These notes apply to our tours in Ladakh or Spiti or any region in Himalayas. Acute Mountain Sickness (AMS) is an illness that can affect mountain climbers, hikers, skiers, or travelers at high altitude (typically above 10,000 feet or 3,050 meters).
AMS is due to a combination of reduced air pressure and lower oxygen levels at higher altitudes. The faster you climb to a high altitude, the more likely you are to experience AMS. Your symptoms will also depend on the speed of your climb and how hard you push or exert yourself. You may be more likely to experience AMS if:
Symptoms range from mild to life-threatening and can affect the nervous system, lungs, muscles, and heart. In most cases, the symptoms are mild. The symptoms generally associated with mild to moderate AMS include:
Early diagnosis is important; AMS is easier to treat in the early stages. The main treatment for all forms of mountain sickness is to climb down (descend) to a lower altitude as rapidly and safely as possible. You should not continue climbing if you develop symptoms.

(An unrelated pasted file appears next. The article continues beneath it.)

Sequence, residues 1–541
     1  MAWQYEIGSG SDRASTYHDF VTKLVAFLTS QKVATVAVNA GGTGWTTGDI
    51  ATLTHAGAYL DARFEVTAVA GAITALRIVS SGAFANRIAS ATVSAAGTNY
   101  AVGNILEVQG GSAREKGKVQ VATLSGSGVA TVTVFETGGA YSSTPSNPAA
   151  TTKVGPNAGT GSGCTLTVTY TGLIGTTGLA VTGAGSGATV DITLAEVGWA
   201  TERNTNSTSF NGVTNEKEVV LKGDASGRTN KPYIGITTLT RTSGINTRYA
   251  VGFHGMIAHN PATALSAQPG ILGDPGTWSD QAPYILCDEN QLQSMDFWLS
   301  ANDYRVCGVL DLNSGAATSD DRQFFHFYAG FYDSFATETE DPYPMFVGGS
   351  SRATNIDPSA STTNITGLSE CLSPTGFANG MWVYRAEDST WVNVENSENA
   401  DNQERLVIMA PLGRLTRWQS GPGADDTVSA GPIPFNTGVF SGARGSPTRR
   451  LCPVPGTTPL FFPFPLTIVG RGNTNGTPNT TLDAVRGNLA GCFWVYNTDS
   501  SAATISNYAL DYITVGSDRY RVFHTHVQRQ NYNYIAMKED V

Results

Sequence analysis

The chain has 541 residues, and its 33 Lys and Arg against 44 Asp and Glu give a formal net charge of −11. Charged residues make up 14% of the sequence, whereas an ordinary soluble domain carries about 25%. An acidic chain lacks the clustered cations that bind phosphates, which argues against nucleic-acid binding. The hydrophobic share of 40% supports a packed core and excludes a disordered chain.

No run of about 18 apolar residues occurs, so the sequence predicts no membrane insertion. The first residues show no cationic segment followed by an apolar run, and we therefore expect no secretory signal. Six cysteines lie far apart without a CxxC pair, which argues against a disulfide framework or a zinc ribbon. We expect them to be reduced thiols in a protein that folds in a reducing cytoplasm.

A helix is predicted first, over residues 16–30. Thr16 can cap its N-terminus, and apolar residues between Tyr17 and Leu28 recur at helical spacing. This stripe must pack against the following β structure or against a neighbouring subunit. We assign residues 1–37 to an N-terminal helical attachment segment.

Acetazolamide (Diamox) may be given to help improve breathing and reduce mild symptoms. This drug can cause increased urination. Make sure you drink plenty of fluids and avoid alcohol when taking this drug. If you have fluid in your lungs (pulmonary Edema), treatment may include:
Most cases are mild, and symptoms improve promptly when you climb down the mountain to a lower altitude. If a Rider has any of the following symptoms:
We will send them down the mountain immediately to safely to obtain medical aid.
Keys to preventing acute mountain sickness include:
We will carry an adequate supply of Diamox if riders suffer the discomfort of AMS. This is usually sufficient to counter the symptoms felt on our Ladakh Tour. If you are at risk for anaemia, ask your doctor if an iron supplement is right for you. Anaemia lowers the amount of oxygen in your blood.
While increasing altitude, it is advisable to:
You should avoid high altitudes if you have heart or lung disease.